23 “As for me, I vow that I will not sin against the LORD by ceasing to pray for you. I will teach you the good and right way. 24 Above all, fear the LORD and worship Him faithfully with all your heart; consider the great things He has done for you. 25 However, if you continue to do what is evil, both you and your king will be swept away.” (1 Samuel 12:20-25)
It was not God’s plan for Israel to be led by king. Once they made that choice they had some difficult consequences to follow, as we will see. But even so, God worked through that mistake. In fact he worked through it in a mighty and amazing way. Eventually he used the monarchy of mistake as a way to bring his salvation to the entire world; Jesus, in his human ancestry, was descended from the kings of Israel.
Maybe it was a mistake for you to take the job you have right now. Perhaps the Lord was calling you to something else, but you just didn’t have the faith to take the risk. OK, so you screwed up. But don’t turn away from following the Lord. He can do great things through this. Just be sure to let him.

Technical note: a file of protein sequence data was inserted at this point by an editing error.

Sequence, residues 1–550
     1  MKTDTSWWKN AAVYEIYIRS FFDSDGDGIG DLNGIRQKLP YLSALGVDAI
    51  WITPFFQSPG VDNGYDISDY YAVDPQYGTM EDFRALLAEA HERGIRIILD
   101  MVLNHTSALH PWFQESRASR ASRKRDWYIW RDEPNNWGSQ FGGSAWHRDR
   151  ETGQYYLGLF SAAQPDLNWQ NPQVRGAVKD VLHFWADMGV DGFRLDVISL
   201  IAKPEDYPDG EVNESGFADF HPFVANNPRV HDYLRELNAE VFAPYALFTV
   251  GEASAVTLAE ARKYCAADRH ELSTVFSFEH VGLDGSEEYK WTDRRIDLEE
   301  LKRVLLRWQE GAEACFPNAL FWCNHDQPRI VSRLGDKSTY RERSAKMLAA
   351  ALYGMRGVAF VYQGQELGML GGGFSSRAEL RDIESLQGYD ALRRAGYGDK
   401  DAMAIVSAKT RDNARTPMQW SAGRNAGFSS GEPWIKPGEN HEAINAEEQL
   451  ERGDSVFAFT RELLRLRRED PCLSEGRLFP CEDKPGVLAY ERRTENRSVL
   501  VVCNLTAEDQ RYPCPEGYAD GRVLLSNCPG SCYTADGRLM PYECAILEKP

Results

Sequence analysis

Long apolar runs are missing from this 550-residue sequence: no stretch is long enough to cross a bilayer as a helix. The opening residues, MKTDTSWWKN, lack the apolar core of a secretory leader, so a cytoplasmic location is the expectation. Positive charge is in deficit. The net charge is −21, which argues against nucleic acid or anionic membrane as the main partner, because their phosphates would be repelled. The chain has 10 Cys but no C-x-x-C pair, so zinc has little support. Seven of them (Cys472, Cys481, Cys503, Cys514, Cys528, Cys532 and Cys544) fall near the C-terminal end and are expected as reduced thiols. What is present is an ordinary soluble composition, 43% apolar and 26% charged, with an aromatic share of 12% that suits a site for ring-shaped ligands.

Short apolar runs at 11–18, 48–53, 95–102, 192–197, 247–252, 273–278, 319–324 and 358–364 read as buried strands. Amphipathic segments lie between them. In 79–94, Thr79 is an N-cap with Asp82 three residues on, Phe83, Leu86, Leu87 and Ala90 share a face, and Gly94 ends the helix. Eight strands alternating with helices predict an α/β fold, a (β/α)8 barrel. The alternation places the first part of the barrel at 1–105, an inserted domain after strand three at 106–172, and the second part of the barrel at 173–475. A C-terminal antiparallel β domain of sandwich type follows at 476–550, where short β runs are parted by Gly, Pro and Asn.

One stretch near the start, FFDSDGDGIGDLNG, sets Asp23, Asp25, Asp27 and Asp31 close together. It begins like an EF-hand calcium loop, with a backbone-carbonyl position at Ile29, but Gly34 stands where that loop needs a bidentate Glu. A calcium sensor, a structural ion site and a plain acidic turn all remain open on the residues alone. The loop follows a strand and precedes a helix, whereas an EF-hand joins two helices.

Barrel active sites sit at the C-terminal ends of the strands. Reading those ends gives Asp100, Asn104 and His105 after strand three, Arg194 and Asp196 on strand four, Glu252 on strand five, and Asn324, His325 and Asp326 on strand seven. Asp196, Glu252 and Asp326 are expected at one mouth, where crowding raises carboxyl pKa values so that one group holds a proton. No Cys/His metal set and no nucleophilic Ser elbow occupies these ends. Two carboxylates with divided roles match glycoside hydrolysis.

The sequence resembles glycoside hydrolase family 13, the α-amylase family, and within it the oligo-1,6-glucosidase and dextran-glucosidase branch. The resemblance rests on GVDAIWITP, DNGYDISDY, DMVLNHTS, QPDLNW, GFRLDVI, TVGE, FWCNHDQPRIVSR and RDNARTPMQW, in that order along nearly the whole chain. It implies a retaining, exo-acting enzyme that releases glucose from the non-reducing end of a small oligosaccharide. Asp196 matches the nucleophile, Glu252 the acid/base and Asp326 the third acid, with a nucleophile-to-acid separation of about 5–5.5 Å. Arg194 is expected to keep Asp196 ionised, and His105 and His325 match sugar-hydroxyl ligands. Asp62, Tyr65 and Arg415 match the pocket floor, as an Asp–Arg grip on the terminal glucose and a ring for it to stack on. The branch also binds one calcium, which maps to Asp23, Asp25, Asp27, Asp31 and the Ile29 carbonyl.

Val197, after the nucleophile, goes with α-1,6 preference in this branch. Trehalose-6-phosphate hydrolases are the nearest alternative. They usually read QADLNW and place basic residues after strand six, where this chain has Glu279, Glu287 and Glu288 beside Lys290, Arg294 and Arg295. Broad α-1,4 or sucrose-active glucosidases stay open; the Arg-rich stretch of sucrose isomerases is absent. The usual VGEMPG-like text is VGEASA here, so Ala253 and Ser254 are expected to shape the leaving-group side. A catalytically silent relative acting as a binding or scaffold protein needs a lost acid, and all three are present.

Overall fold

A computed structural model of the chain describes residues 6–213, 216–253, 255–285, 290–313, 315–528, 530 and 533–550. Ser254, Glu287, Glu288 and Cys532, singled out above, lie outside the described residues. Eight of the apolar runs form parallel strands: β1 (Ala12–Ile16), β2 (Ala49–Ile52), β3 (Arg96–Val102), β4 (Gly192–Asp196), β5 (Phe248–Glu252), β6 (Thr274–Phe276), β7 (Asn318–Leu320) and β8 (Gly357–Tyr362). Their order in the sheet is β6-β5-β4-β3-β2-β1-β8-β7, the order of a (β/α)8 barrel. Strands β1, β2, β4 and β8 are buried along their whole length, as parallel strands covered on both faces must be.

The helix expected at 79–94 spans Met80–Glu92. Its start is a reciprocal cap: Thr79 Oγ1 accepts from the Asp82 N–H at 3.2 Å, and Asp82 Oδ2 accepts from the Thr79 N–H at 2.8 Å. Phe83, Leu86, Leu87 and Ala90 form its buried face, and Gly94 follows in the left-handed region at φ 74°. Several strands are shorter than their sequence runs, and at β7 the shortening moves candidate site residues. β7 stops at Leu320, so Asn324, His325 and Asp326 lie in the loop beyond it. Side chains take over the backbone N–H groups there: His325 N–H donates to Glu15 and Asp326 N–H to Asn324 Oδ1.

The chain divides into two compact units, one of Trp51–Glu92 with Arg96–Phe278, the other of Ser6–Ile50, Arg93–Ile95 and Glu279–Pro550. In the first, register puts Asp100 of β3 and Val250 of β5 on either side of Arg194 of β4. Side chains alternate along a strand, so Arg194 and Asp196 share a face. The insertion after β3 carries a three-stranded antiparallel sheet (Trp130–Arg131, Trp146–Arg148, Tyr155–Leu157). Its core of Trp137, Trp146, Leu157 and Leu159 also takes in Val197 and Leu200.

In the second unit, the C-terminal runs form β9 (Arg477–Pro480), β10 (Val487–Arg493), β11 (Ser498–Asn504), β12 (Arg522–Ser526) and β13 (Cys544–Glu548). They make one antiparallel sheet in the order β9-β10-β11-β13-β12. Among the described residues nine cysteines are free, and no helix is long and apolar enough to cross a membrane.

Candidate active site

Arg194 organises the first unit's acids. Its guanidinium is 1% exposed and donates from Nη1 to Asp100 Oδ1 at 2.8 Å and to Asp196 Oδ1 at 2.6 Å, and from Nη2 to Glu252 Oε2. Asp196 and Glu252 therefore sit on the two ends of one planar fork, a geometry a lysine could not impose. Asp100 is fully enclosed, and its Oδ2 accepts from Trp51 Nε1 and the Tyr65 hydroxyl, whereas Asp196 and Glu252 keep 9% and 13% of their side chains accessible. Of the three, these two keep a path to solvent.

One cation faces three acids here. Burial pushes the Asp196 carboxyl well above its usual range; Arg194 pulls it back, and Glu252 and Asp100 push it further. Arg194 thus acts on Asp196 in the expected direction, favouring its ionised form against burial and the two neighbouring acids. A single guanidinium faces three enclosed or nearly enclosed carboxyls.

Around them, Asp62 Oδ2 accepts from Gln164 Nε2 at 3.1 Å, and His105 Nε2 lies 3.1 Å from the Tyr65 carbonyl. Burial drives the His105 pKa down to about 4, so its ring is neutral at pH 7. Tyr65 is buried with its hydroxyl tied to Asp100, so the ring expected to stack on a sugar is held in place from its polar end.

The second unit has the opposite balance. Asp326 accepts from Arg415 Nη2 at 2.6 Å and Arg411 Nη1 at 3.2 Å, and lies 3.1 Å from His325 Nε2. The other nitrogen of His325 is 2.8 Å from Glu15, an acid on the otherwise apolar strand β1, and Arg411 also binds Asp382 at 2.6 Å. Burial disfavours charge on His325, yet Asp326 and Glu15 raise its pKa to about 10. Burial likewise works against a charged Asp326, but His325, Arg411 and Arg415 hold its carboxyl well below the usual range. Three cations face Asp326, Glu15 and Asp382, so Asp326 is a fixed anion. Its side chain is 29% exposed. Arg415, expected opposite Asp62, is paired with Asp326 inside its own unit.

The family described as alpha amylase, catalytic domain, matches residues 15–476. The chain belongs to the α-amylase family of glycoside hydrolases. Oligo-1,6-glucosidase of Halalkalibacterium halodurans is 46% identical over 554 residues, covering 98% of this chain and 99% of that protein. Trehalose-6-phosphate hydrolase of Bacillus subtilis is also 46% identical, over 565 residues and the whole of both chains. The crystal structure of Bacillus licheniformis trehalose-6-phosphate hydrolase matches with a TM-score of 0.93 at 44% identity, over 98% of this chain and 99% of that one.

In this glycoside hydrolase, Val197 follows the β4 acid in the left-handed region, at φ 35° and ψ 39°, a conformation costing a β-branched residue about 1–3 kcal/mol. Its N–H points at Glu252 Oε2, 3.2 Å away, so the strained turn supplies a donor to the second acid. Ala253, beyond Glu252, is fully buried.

Maybe you married the wrong person. People think this all the time. They think that somehow they missed out on their real soul mate, and now their entire marriage was a mistake. Fine, what if it was? God can and will work through this, if you let him. Even now, don’t turn away from following the Lord. Don’t follow worthless things. God will redeem your mistake and make it beautiful, if you allow him to.
I’m not only talking about honest mistakes, either. The people of Israel knew that God didn’t want them to have a human king. They did it anyway. Sometimes we deliberately make a sinful choice. God can redeem even those choices; maybe especially those choices.
God is so good. He wants our lives to have meaning, so he allows our choices be free and real. And yet, even when we make the wrong choice, if we turn back to him, he can work through any circumstance we might create for ourselves, and make good come out of it.